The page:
Wednesday, February 11, 2015

Dedupe is Great, but What Affect Does it Have on Nimble Storage?

Hi Friends,

I got a great question on my Microsoft Windows File Sharing with Nimble Storage - What About Deduplication?  blog that I felt it deserved a blog of it's own instead of a response.

The question is, "Did you see a big increase in the cache consumption as the dedupe process churns through your files?"

Again, fantastic question.  Too many times we get focused on the trees and forget about the forest.  What does that mean?  We get obsessed on the end goal and forget our actions can have an affect on the system as a whole and it may not be a positive affect.  For example, I want to make my car faster, so I get an aftermarket turbo, a cat-back exhaust and maybe I start wandering into stage 2 or 3 mods.  Will the car perform better?  Maybe...  But as any car guy can tell you if you start changing one thing without changing others you might start damaging the car.
















The same can be true with technology.  If I bolt on dedupe through the operating system, am I going to mess up my storage performance on a whole?  The person that asked the question wanted to know and so did I.

So here's what I did, I ran a Vdbench workload with some SMB clients accessing the file share doing a 50/50 read/write split.  While the performance test was running I kicked off deduplication on a volume that had data on it, but had not been deduped before.  I'm happy to report the array handled the dedupe like a champ!  The only thing I saw was a little additional read throughput, no drop in cache hit (100% cache hit), no drop in IOPS.  Let's have a look!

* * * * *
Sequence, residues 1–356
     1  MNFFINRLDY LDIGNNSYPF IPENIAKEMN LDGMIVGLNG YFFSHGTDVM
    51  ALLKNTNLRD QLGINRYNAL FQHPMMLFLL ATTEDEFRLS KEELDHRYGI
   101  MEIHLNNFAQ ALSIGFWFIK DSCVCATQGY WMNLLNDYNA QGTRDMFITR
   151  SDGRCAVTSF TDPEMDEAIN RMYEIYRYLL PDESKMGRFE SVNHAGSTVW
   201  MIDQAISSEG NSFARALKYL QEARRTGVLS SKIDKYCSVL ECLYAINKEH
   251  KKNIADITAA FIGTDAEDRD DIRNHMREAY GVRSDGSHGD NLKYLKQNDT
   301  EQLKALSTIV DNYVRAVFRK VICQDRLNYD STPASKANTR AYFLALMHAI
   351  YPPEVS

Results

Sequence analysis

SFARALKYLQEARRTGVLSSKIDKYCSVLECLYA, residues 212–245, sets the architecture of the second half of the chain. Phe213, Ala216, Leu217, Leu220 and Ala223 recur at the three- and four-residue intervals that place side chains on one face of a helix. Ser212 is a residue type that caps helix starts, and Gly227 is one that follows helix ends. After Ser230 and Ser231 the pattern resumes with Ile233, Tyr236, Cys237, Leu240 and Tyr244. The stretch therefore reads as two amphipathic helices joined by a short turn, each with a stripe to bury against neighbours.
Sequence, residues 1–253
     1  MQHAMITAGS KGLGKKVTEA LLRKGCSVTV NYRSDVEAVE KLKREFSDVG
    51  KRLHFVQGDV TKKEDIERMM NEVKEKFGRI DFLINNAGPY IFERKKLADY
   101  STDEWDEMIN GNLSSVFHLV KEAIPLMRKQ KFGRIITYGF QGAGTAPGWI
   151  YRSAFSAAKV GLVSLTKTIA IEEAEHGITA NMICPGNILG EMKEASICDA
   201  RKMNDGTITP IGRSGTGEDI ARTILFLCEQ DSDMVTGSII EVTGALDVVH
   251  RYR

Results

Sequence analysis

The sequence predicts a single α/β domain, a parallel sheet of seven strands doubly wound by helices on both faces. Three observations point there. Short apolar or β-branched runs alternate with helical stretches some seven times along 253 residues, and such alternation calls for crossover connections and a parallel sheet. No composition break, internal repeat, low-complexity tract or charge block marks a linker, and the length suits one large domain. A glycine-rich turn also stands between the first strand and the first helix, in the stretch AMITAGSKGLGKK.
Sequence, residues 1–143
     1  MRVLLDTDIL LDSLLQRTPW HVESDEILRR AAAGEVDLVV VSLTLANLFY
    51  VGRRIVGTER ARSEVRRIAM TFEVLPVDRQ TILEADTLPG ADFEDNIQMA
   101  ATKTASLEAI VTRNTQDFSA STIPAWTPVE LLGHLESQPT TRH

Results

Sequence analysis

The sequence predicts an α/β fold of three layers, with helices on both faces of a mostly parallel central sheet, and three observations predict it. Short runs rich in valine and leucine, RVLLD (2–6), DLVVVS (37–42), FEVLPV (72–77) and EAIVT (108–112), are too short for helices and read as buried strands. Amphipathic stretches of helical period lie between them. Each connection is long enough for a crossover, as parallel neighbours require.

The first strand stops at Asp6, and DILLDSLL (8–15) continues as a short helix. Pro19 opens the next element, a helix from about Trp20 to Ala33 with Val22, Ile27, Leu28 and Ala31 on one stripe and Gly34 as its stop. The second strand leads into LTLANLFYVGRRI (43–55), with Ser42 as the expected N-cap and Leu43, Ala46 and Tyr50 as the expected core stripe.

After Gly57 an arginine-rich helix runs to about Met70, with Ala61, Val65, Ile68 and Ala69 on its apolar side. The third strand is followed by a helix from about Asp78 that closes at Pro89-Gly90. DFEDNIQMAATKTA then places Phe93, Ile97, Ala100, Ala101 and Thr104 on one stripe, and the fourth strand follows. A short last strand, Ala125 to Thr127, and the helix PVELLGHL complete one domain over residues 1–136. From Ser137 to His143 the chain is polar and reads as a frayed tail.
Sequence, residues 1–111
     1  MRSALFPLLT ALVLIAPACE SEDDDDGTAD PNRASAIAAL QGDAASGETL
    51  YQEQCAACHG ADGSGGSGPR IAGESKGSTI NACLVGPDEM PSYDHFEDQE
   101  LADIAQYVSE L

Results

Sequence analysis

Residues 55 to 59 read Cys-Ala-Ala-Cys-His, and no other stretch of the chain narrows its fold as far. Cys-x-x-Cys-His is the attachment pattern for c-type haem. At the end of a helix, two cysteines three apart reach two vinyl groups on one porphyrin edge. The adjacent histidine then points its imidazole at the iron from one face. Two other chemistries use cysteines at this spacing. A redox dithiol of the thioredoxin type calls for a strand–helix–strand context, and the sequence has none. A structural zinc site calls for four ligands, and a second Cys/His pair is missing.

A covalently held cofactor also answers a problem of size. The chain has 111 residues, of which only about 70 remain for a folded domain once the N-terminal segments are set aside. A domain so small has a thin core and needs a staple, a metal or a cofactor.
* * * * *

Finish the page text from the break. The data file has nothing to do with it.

But remember, you mileage will vary, so it's always important to test performance modifications before you go into production or the track!  :-)

Until Next Time!
-Brain

3 comments:

  1. What size were the volumes you tested?

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  2. Did you see an overall higher consumption of your overall cache? It seems to me that since you are touching all those files they would be put into cache. My thought is once it is done the cache consumption would probably return roughly to normal.

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